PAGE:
Long Futures

So the most basic strategy with futures is to find a stock you think is moving higher, and buy a futures contract rather than the stock itself. This immediately multiplies up the impact of your funds. You can apply the same idea to buying a futures contract in an index, when you think the market as a whole is going up. When you’re trading futures, the NASDAQ 100 (NDX) contract is worth 100 times the index, in this case $200,000. If you think the NASDAQ 100 will go up in the next three months, for a mere $25,000 initial margin you can get $100 for every point the index goes up. If it goes from the current 2000 up to 2200, you’ll have a return of $20,000.

If that seems a little expensive for your trading budget, there are series of e-mini contracts which you can trade on the CME, and the NASDAQ 100 e-mini is 1/5 of the size, which means you only need $5000 as the initial margin. You can even create your own index by buying the contract and shorting the contract of any shares you don’t like, making your own NASDAQ 99.

When you use spread betting as your trading vehicle of choice, all these factors are relevant, but you do not need to have such a large initial margin. The minimum bet will depend on your spread trading broker and can be checked online, where you’ll also find the minimum margin required to allow you to place the bet.

Short Futures

Futures make it very easy to take a short position, when you think a stock or index is going to fall in price. While there can be regulations and costs to take a normal short position, the short future is just as easy as the long future to trade. Your broker does not have to find some shares to borrow, which is usually a fast process but may take longer if the shares are hard to find. When you are shorting shares directly, there is always the possibility that your position will be closed if the owner wants the shares back, and that cannot happen if you take a short future contract. There’s no limit to the amount of open interest that can exist, it can be even more than the number of shares in existence. In fact at one moment in time there was a similar position with silver futures a few years ago, where contracts had been taken out for more than the amount of silver in the world.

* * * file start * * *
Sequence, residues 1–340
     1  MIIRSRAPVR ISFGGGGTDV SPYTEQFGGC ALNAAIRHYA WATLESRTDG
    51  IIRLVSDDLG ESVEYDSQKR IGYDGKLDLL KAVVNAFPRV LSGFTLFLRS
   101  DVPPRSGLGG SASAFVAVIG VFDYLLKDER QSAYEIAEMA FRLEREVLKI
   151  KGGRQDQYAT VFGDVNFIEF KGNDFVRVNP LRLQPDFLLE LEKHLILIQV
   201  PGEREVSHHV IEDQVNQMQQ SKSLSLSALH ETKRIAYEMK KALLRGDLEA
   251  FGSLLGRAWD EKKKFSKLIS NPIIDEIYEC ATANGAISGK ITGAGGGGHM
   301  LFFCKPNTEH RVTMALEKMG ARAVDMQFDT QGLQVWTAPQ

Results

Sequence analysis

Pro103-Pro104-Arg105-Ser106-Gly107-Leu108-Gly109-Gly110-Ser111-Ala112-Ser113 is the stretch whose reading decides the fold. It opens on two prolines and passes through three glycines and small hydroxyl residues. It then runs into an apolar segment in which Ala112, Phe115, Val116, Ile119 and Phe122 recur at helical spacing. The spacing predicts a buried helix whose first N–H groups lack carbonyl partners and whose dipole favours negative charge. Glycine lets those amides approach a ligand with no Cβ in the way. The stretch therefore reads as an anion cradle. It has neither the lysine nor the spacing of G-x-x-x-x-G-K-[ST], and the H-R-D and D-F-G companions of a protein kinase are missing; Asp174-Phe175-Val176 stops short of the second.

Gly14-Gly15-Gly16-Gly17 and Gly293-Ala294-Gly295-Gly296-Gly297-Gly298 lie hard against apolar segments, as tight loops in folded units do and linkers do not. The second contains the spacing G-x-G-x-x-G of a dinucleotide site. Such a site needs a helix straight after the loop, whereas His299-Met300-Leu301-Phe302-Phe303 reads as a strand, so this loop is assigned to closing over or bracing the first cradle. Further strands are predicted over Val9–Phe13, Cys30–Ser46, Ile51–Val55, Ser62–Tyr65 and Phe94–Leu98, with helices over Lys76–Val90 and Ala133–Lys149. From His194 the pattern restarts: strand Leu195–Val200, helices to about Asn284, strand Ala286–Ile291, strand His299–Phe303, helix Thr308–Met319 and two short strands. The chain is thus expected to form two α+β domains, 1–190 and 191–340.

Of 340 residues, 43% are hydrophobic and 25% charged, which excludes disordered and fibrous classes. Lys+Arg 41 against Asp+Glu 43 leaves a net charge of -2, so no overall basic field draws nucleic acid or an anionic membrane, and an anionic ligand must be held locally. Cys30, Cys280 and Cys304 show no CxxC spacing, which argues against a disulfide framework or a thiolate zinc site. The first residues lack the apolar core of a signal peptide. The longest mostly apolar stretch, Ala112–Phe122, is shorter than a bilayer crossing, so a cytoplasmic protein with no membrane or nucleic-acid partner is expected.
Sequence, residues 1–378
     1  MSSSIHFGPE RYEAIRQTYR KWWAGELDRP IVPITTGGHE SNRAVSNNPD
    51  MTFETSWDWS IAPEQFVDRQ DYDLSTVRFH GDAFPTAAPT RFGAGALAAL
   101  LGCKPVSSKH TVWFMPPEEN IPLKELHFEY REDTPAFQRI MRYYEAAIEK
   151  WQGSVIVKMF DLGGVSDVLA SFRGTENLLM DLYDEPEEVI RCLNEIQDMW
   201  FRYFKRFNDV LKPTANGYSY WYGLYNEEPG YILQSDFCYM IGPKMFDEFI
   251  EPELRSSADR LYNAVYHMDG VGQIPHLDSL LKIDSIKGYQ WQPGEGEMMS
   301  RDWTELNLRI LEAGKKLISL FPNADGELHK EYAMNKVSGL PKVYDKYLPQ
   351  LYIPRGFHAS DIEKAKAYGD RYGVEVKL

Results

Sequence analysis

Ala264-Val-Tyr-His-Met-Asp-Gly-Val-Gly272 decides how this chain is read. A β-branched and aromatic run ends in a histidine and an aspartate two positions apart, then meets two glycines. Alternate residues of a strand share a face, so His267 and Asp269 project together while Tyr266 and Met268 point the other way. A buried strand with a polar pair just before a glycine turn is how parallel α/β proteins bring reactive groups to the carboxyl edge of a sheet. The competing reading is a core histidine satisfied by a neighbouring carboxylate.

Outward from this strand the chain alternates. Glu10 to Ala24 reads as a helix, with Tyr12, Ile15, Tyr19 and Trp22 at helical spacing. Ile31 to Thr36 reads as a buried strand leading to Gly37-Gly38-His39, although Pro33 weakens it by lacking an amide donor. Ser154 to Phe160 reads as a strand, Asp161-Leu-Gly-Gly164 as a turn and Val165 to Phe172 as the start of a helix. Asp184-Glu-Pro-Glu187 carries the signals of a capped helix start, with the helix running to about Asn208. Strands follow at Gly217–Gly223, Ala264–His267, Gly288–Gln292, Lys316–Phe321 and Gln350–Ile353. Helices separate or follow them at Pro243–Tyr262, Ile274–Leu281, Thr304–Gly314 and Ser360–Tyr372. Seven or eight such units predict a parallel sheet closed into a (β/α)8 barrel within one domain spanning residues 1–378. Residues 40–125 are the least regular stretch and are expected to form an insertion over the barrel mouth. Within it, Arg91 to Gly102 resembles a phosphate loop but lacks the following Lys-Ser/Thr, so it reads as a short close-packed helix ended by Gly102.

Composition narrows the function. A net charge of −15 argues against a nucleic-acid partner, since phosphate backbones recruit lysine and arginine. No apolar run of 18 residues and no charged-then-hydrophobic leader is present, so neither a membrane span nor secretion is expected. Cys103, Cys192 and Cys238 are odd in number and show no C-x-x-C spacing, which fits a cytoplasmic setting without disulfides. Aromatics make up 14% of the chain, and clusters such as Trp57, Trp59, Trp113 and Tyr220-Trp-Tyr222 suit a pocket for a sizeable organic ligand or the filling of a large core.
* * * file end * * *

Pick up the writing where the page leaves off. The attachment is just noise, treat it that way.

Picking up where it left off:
One key difference from trading shares is that futures contracts have an expiration date, which you may be thinking would make them harder to use. It is an additional consideration, but simple to deal with. The answer to that is to roll the contract forward to the next expiring month, which can be done indefinitely. When you roll the contract forward, you may have to come up with a financial adjustment. For the spread better, you only contract is with your spread betting company and you simply have to abide by their terms.

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